nerd radio

Get ready for the new daily show

Business Skills You Can Learn From Gaming

December 27th, 2022 by Irwin Fletcher Comments

When most people think of video games, it isn’t business skills that first come to mind. Instead, gaming is seen as a way to relax and a form of entertainment. Of course, this is true, yet it can also teach valuable skills that are transferable to the workplace. Whether you want to improve your problem-solving or refine your leadership ability, playing games can help you achieve your career objectives.

With that in mind, we’ve compiled this list of the business skills you can learn from gaming.

Social Skills

Whether you’re playing video games online, or cards with a group of friends, there’s often a social aspect to gaming. Most online gamers interact, compete against, and collaborate with other players from around the world. Connecting with others in this way allows you to refine skills such as teamwork and collaboration that can serve you in the workplace.

If you’re playing a coop campaign such as in a Tom Clancy game, you’ll have to plan every assault down to the finest details to succeed. You’ll get to know people you’ve never met in the real world, work together to achieve goals, and form bonds that sometimes result in lifelong friendships. These networking skills will go a long way if you decide to embark on starting your own business.

Improved Memory

Having a good memory is a critical skill both in business and the world of gaming. Whether you’re exploring the sprawling open world of Uncharted, or trying to remember poker hand rankings, many games require focus and concentration that may help to improve your memory.

Studies have linked gaming to better working short-term memory. Retaining knowledge and facts is an important aspect of business, as is the ability to filter out extraneous information and focus on the task at hand. Playing video games may help in these areas.


A glance at the highest-grossing mobile titles ever reveals that each one requires the use of creativity and problem-solving skills. Coming up with workable solutions for getting around an obstacle often calls for outside of the box thinking, and when you play games you often fail before you succeed.

The ability to think quickly and come up with creative solutions while under pressure is not only a hallmark of RPGs, puzzles, and strategic games. It is also crucial in the workplace. Since most titles demand quick decisions, there’s little time to consider what you should do. The same happens in business environments, where a customer, investor,or new market factor demands on the fly answers and solutions. If you don’t have them, you could lose out to a competitor who does.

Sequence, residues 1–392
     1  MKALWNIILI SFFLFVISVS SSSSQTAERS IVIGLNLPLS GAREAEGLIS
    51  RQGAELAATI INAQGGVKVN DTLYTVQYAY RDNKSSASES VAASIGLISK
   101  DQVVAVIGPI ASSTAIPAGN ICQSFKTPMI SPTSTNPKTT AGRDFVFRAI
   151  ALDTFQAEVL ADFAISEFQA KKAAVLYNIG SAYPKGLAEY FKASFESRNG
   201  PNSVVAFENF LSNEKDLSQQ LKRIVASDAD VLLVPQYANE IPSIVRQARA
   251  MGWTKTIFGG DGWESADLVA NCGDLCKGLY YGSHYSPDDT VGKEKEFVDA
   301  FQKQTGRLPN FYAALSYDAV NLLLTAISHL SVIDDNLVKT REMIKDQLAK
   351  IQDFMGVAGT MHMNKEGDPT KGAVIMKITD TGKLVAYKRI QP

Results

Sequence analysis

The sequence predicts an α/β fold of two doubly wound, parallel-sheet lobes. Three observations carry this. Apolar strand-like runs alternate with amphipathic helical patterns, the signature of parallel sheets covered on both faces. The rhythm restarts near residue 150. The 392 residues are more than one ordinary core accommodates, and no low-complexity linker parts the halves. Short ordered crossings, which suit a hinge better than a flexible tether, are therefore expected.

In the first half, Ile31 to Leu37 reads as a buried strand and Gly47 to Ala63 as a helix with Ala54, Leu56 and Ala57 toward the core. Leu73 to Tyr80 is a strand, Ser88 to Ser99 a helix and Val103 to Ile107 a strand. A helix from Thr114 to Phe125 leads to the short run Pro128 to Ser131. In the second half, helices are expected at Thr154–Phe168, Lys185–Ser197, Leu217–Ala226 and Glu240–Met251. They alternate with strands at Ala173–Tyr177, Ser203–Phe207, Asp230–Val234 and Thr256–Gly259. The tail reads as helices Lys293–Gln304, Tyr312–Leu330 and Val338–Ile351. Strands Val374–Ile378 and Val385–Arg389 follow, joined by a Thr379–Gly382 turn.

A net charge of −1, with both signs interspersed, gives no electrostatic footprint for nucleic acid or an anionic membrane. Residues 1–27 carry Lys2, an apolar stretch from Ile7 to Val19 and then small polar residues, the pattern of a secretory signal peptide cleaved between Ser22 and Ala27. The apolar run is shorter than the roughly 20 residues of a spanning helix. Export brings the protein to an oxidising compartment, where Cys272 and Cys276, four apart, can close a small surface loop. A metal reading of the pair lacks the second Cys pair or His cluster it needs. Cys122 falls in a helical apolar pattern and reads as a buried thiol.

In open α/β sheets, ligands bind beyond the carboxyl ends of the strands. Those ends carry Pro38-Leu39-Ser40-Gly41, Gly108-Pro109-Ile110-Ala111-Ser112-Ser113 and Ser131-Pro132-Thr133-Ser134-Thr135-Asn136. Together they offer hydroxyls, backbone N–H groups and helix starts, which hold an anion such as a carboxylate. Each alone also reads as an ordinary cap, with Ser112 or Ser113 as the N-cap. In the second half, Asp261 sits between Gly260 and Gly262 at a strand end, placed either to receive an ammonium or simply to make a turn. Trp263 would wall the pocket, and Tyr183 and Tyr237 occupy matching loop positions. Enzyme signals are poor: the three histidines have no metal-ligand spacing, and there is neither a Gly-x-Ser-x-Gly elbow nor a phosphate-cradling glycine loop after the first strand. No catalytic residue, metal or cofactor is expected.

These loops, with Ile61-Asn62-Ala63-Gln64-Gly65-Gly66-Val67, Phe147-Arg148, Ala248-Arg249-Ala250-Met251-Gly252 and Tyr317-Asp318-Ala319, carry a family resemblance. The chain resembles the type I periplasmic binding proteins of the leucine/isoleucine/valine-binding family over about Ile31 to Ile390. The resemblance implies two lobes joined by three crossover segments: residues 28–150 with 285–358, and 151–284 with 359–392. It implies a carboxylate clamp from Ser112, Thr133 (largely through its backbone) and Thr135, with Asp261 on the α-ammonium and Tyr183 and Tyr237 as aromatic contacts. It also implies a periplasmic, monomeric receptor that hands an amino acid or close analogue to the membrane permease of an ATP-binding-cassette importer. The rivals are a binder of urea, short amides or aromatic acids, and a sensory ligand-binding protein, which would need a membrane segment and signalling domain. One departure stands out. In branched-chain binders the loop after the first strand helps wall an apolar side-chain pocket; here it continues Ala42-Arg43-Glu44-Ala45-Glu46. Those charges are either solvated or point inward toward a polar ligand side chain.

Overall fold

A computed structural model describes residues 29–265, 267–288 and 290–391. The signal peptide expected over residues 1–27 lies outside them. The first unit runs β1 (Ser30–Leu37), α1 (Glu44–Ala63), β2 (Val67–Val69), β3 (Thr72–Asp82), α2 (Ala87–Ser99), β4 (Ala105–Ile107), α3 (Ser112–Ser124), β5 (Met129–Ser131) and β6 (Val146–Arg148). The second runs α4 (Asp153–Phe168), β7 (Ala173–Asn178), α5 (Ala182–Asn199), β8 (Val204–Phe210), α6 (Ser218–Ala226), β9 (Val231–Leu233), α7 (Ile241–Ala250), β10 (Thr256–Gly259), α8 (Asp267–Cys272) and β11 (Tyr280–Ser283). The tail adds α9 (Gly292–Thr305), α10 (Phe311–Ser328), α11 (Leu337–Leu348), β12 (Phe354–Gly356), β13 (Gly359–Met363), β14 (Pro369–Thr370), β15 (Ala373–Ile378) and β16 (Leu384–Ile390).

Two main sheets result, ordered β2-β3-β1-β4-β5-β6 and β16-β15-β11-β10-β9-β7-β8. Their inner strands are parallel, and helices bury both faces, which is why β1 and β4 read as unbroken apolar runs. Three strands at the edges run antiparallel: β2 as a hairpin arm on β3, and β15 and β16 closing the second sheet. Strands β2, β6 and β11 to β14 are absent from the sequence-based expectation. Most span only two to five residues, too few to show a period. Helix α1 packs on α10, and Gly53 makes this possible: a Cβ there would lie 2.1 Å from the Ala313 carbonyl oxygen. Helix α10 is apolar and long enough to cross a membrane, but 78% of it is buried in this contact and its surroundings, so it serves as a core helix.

The ability to get your point across clearly is one of the most important business skills you can have, and playing multiplayer video games may help you get better at it. After all, when you’re playing a title like Overwatch, you have to talk with members of your virtual team frequently. You probably haven’t met any of your teammates in person, but you have to communicate efficiently if you hope to succeed.

These communication skills transfer to the workplace. If you can’t meet face-to-face with your colleagues, you’ll understand how to connect with them from afar. With remote work becoming the norm, skills acquired while playing games can help businesses and employees meet their goals.


One false move and you could lose a match or have to restart the game from the last checkpoint. Games are fast-paced, just like today’s business environments. If you want to succeed at work, doing your job quickly and precisely will get you positive marks.

Some studies have concluded that people who play action games reach accurate judgments 25% faster than those playing slower-paced strategy games. So, keep that in mind when deciding which title to buy next.

I'm an LA journalist who really lives for his profession. I have also published work as Jane Doe in various mags and newspapers across the globe. I normally write articles that can cause trouble but now I write for FTN because Nerds are never angry, so I feel safe.